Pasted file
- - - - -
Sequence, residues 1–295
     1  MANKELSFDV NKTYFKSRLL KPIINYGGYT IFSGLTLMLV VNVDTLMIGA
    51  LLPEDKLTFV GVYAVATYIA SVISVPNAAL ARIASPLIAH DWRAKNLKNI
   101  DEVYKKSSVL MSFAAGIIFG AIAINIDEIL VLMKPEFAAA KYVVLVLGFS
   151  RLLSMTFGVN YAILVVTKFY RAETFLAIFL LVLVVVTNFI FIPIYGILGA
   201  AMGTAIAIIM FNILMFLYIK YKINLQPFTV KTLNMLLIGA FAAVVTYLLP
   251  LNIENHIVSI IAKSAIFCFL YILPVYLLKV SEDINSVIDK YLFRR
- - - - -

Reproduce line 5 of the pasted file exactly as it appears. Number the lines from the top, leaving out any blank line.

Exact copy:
   151  RLLSMTFGVN YAILVVTKFY RAETFLAIFL LVLVVVTNFI FIPIYGILGA